I don't know his exact ex-role (and presumably he had a few in his time, he seems to have been a lifer) but engines (as they relate to Boeings) seem to be his speciality from his postings over the years.  Stuff like this post in that thread.
« Last Edit: February 21, 2021, 06:51:57 AM by Ambient Sheep »

Ambient Sheep

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Re: More Boeing Woes
« Reply #5 on: February 21, 2021, 06:55:08 AM »
Also (and I'm only putting this in a different post to avoid the Edit bug - it was in the original but with the wrong link) this post states that at one point he was "on the Boeing Propulsion Safety Committee".

Sorry if I'm coming across a bit weird about this.

Re: More Boeing Woes
« Reply #6 on: February 21, 2021, 09:06:10 AM »
Imagine being the person filming that engine inferno, and having the balls, the sheer effrontery to simulate introducing a marshmallow on a toasting fork into the flame, followed a few seconds later by his/her stupid, grinning face gobblin' it down?

No fear at all, just totally focused on the Likes.

Re: More Boeing Woes
« Reply #7 on: February 21, 2021, 09:20:10 AM »
It would actually be a good way of distracting yourself from the terror: how can I make an amusing video of me toasting a marshmallow (or, as shown, a tomato), in the engine fire?




Re: More Boeing Woes
« Reply #8 on: February 21, 2021, 09:28:45 AM »
I must admit, that word made me twitch too.  I'd've used "perpendicular" myself.  But I'm guessing he means stuff flying off tangentially to the spinning fan discs, rather than forwards or backwards as they're supposed to do.  (Another post of his on that thread states that the brown wrapping seen on the video is the stuff that's supposed to stop that.)

Despite that, he has a long history on that forum of generally well-written informative stuff... and has been known to criticise Boeing on occasion (chiefly re. 777 & 787).

I don't know his exact ex-role (and presumably he had a few in his time, he seems to have been a lifer) but engines (as they relate to Boeings) seem to be his speciality from his postings over the years.  Stuff like this post in that thread.

I was just having a little joke. I don’t know anything about engineering, I’m sure he’s very good.

Zetetic

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Re: More Boeing Woes
« Reply #9 on: February 21, 2021, 10:16:50 AM »
Looks fine, they should run all engines like that.

(Experience: currently working as VP of Marketing at P+W.)

Re: More Boeing Woes
« Reply #10 on: February 21, 2021, 10:17:52 AM »
As an ex Rolls-Royce engineer can I just point out that this actually a wonderful example of flight safety procedures working as designed. Look at the beautiful Kevlar doing it’s stuff and no damage to primary or secondary structures, and looks like the fire bottles have done their job.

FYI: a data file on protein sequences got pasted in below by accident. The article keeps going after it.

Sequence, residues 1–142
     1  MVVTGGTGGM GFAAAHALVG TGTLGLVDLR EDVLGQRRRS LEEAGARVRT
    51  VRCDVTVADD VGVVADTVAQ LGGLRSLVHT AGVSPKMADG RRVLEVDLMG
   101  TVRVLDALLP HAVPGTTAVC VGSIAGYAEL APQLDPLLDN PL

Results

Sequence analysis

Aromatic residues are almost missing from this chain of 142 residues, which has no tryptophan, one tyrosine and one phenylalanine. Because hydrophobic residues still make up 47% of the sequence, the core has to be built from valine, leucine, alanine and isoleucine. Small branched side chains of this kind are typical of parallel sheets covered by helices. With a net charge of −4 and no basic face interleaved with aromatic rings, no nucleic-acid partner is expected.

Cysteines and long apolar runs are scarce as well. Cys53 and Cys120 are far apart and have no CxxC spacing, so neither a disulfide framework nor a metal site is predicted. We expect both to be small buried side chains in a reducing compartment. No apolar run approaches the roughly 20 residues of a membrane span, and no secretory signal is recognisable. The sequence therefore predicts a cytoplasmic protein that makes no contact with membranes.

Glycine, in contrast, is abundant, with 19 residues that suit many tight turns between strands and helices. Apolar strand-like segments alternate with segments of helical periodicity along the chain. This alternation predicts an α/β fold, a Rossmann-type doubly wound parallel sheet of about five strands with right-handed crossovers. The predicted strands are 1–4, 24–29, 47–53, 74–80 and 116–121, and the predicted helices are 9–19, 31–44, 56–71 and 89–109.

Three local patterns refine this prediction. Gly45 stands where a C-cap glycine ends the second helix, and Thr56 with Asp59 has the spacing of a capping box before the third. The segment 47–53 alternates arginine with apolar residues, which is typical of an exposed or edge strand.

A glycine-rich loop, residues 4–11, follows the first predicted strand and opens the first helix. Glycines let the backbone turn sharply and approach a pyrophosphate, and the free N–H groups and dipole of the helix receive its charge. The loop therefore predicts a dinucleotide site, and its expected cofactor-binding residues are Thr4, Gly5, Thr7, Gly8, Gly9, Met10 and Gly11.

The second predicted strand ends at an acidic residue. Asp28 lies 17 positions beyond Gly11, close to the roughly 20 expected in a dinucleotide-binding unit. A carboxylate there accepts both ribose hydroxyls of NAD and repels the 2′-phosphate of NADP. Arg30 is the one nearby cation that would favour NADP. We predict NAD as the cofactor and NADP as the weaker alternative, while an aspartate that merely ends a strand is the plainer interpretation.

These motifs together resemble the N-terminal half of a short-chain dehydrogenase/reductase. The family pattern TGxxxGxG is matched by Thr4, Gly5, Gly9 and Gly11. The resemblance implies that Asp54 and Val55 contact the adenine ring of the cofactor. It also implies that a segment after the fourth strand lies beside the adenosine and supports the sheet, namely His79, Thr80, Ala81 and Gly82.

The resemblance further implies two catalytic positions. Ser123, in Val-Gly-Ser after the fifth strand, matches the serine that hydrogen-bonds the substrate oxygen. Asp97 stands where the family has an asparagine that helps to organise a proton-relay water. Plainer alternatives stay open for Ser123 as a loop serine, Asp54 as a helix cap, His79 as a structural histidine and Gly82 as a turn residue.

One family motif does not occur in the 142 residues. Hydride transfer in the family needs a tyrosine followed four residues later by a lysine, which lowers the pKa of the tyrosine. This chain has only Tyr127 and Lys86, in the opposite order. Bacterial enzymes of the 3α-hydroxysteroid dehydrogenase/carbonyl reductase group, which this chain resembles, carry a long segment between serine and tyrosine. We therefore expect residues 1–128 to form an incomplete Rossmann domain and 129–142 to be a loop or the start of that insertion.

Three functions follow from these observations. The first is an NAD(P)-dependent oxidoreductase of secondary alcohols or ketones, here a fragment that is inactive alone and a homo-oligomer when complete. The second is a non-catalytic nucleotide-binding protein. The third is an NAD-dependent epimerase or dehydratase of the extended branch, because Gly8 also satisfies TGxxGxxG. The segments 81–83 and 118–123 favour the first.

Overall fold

Lovely work Pratt chaps!

Obviously all the other shit that fell off and the fact a compressor blade or something went ping is very bad.

BlodwynPig

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Re: More Boeing Woes
« Reply #11 on: February 21, 2021, 10:26:29 AM »
Not helping that fear of flying!

Saw a military aircraft struggling to land at Newcastle yesterday in high winds - but I suspect it may have just been doing practice loops as I wouldn't imagine they would have difficulty 4 times in a row. Pretty unnerving seeing this massive bulk of a thing directly overhead and low and then roar off as the wind battered me on the ground.

Tony Tony Tony

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Re: More Boeing Woes
« Reply #12 on: February 21, 2021, 11:16:22 AM »


Reckon it could have been this cuddly little fella trying to warm up at 20 000 feet.

Re: More Boeing Woes
« Reply #13 on: February 21, 2021, 12:09:12 PM »
His (the monster's) hair is ... perfect.

Dex Sawash

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Re: More Boeing Woes
« Reply #14 on: February 21, 2021, 12:58:12 PM »

Monkeyman on wing is most terrifying aviation event.

Colorado is ludicrously brown.

Re: More Boeing Woes
« Reply #15 on: February 21, 2021, 06:17:23 PM »





"Now Mr NTSB man possession being 9/10 of the law it's in my garden and I'm keeping it"

Johnny Yesno

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Re: More Boeing Woes
« Reply #16 on: February 21, 2021, 06:32:46 PM »
That didn't last long. :-(  Gone already.

It's still there.

Re: More Boeing Woes
« Reply #17 on: February 21, 2021, 08:10:13 PM »
Thread title would be more amusing as More Boning Woes

Dex Sawash

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Re: More Boeing Woes
« Reply #18 on: February 21, 2021, 08:14:23 PM »
Thread title would be more amusing as More Boning Woes

Going to need some Bonelube


buzby

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Re: More Boeing Woes
« Reply #19 on: February 22, 2021, 11:22:59 AM »
And now all PW4000-engined 777s have been grounded for emergency inspections.
Also, the damage to the wing root fairing may indicate that it was not totally contained after all.